Stress on the Posteromedial Region of the Proximal Tibia Inc
Anterior cruciate ligament (ACL) injury induces anterior and rotatory instability of the knee. However, the effect of this instability on the stress distribution in the knee joint in living participants is not clear. The aim of this study was to compare the distribution pattern of subchondral bone density across the proximal tibia in the knees with and without ACL injury, and to investigate the correlation between the distribution patterns of the subchondral bone density and the duration of ACL-deficiency.

Radiographic and computed tomography (CT) data pertaining to 20 patients with unilateral ACL injury without combined injury (ACL-deficient group) and 19 nontraumatic subjects (control group) were collected retrospectively.

--HDA% of the posteromedial region was significantly higher in the ACL-deficient group than in the control group.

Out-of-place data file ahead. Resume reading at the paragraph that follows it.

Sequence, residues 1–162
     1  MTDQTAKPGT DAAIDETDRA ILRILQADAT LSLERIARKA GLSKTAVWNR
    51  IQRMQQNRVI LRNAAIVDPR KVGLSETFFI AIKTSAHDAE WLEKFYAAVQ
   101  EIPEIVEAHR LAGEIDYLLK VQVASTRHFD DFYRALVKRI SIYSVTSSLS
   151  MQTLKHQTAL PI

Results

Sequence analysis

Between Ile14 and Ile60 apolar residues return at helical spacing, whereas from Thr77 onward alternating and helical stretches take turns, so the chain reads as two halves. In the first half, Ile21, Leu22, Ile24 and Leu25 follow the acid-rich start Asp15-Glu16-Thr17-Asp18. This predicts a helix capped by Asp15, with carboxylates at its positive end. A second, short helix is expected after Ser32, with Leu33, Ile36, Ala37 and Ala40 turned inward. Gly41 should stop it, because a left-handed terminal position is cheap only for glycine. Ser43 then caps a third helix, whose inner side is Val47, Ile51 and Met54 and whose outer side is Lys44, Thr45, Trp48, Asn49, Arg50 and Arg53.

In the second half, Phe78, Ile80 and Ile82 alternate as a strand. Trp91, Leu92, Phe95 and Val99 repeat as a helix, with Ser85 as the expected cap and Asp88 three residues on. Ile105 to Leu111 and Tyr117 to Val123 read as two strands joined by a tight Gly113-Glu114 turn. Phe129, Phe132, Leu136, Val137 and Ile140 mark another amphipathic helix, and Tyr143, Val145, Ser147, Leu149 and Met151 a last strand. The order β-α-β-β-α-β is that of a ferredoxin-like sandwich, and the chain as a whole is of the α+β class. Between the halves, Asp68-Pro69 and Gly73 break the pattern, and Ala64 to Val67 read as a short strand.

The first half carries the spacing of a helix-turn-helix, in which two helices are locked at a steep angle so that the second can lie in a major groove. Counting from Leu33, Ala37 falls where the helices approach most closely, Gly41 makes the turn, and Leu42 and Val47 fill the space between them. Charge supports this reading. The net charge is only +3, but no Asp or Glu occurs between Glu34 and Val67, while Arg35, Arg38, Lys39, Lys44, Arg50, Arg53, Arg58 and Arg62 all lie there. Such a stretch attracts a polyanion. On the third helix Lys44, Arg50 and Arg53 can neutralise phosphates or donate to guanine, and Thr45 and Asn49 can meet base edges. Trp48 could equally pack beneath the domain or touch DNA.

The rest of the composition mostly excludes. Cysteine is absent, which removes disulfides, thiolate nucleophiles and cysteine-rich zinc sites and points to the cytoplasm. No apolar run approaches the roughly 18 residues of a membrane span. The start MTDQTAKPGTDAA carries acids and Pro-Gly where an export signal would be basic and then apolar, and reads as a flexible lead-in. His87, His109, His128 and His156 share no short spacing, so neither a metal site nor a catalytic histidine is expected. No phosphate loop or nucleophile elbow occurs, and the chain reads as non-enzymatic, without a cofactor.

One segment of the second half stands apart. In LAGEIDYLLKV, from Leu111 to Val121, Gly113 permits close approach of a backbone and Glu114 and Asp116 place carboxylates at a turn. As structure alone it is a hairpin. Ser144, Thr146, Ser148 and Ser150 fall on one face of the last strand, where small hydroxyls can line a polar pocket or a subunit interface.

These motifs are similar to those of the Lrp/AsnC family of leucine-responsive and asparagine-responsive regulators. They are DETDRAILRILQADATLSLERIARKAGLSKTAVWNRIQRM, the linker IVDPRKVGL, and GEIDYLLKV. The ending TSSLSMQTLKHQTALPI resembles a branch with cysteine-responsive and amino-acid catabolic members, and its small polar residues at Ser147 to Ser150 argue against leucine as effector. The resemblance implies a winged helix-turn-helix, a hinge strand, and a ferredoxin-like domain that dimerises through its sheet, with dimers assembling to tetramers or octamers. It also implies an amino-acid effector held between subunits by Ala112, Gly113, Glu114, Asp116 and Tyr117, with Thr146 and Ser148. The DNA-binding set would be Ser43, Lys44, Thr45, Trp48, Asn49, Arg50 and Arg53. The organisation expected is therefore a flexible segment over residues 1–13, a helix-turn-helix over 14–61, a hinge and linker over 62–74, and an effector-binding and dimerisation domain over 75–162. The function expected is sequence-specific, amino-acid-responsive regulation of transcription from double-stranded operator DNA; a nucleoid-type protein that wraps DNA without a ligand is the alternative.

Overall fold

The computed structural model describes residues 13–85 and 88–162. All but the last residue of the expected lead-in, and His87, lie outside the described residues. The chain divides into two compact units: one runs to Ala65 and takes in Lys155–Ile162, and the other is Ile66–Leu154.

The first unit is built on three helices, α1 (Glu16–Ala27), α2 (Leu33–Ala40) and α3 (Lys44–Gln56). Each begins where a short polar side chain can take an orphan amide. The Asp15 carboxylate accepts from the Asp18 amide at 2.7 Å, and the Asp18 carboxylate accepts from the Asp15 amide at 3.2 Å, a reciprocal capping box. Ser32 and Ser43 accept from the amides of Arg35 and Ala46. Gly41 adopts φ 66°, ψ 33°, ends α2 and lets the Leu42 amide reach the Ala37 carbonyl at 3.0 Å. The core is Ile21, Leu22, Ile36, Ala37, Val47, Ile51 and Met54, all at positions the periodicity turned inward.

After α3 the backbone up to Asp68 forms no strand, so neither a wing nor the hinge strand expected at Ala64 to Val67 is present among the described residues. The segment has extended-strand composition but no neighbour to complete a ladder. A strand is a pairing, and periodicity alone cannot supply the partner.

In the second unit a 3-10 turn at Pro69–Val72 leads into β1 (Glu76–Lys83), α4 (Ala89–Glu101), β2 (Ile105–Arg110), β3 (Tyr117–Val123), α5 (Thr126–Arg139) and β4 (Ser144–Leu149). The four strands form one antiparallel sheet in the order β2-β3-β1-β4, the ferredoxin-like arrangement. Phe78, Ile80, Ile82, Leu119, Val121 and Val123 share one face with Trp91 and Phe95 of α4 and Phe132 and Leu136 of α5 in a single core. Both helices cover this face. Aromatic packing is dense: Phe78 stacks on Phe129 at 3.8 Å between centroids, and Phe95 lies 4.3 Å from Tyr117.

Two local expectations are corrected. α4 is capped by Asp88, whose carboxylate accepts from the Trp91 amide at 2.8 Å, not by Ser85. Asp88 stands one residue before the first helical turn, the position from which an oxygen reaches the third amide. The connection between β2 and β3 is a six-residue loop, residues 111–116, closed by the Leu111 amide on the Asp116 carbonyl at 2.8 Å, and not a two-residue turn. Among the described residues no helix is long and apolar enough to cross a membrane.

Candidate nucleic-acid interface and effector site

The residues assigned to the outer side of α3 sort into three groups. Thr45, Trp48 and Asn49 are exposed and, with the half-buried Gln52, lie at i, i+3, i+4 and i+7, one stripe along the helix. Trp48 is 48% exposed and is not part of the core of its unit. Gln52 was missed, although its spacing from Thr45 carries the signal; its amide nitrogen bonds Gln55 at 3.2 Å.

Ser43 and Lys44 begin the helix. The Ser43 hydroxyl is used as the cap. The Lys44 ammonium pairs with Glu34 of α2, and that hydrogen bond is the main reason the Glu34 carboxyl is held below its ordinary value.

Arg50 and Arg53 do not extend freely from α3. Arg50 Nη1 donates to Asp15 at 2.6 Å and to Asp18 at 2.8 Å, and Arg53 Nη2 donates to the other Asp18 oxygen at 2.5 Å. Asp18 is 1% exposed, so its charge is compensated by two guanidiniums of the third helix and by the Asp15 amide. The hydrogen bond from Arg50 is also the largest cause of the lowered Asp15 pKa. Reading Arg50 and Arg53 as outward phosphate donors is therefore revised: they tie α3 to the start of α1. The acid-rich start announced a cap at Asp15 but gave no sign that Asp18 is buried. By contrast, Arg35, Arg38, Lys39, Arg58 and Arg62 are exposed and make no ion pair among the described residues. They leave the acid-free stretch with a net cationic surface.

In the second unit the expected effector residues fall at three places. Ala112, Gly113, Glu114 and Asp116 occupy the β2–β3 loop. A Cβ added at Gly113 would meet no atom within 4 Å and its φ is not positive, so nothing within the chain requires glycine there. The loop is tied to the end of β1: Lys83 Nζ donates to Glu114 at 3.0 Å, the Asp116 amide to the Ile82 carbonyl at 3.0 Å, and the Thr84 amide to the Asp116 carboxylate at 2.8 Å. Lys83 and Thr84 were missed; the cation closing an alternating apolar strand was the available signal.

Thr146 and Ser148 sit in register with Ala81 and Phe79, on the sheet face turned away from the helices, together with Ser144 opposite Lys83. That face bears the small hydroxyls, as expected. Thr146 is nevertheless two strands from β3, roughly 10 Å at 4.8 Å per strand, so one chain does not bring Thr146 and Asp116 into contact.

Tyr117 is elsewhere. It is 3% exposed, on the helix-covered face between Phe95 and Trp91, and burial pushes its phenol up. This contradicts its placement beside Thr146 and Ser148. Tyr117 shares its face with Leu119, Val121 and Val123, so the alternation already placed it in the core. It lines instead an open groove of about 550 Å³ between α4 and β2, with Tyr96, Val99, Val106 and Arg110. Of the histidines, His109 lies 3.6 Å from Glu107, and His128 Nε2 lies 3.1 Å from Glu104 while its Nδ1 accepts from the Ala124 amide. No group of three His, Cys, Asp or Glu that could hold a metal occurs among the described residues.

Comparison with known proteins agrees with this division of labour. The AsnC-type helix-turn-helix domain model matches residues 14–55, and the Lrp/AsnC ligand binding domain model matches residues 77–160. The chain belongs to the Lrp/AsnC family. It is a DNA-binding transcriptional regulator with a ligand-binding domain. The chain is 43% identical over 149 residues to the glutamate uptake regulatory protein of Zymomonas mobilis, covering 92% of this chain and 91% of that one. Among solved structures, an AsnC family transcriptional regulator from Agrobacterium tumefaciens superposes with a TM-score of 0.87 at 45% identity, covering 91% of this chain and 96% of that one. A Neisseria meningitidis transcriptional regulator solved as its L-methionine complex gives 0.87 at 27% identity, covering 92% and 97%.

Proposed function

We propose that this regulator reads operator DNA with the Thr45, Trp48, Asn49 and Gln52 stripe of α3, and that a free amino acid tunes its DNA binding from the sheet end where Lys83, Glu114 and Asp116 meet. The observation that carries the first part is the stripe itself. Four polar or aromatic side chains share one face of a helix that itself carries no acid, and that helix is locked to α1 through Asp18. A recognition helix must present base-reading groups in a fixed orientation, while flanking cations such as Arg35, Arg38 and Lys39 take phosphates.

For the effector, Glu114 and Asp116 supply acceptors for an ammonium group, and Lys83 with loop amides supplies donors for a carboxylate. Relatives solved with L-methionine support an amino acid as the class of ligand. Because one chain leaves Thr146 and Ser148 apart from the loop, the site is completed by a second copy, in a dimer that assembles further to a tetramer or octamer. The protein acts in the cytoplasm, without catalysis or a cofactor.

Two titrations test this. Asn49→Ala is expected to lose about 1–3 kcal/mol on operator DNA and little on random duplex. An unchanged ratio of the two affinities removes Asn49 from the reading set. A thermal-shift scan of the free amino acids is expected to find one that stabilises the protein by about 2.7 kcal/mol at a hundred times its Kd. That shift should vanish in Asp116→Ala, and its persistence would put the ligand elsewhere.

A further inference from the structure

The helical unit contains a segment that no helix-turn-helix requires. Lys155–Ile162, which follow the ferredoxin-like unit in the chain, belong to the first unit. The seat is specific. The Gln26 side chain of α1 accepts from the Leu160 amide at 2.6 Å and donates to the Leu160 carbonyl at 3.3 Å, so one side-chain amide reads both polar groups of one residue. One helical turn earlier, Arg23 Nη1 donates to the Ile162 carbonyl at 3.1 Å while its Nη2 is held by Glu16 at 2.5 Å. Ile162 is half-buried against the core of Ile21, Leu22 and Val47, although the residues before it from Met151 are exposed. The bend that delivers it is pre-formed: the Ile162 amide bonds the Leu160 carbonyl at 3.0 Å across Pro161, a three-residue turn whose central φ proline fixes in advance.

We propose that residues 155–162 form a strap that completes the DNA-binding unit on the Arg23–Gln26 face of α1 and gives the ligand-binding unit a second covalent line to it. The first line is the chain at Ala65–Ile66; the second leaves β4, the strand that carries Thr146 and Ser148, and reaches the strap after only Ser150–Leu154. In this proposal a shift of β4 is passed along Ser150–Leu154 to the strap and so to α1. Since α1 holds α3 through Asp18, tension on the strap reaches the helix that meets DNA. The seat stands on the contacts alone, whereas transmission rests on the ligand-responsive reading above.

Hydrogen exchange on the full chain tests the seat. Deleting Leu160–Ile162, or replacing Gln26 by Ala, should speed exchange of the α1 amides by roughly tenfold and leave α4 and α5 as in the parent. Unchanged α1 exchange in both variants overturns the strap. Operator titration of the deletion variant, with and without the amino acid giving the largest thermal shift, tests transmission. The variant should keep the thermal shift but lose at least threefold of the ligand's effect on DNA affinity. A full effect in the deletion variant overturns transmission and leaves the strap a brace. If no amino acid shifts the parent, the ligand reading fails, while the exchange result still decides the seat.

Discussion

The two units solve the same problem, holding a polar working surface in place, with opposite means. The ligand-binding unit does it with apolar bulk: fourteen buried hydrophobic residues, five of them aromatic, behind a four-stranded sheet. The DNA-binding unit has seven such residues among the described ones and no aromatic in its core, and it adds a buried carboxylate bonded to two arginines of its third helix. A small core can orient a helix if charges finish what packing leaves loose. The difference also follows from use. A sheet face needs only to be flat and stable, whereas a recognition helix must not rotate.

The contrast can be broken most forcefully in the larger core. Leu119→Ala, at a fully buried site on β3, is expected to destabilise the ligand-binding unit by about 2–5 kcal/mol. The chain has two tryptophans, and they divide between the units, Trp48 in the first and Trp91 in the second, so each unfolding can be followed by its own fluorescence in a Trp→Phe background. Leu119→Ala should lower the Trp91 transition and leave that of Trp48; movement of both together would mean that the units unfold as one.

--In contrast, HDA% of the anteromedial region was significantly lower in the ACL-deficient group than in the control group.

--The logarithm of the time elapsed from ACL injury to CT examination showed a significant correlation with HDA% in the posteromedial region.

Conclusively, in meniscus intact knees, subchondral bone density in the posteromedial region rose significantly following ACL damage and was semi-log associated with the length of ACL deficit. After an ACL injury, the increased stress on the posteromedial region causes a shift in subchondral bone density, justifying early ACL replacement.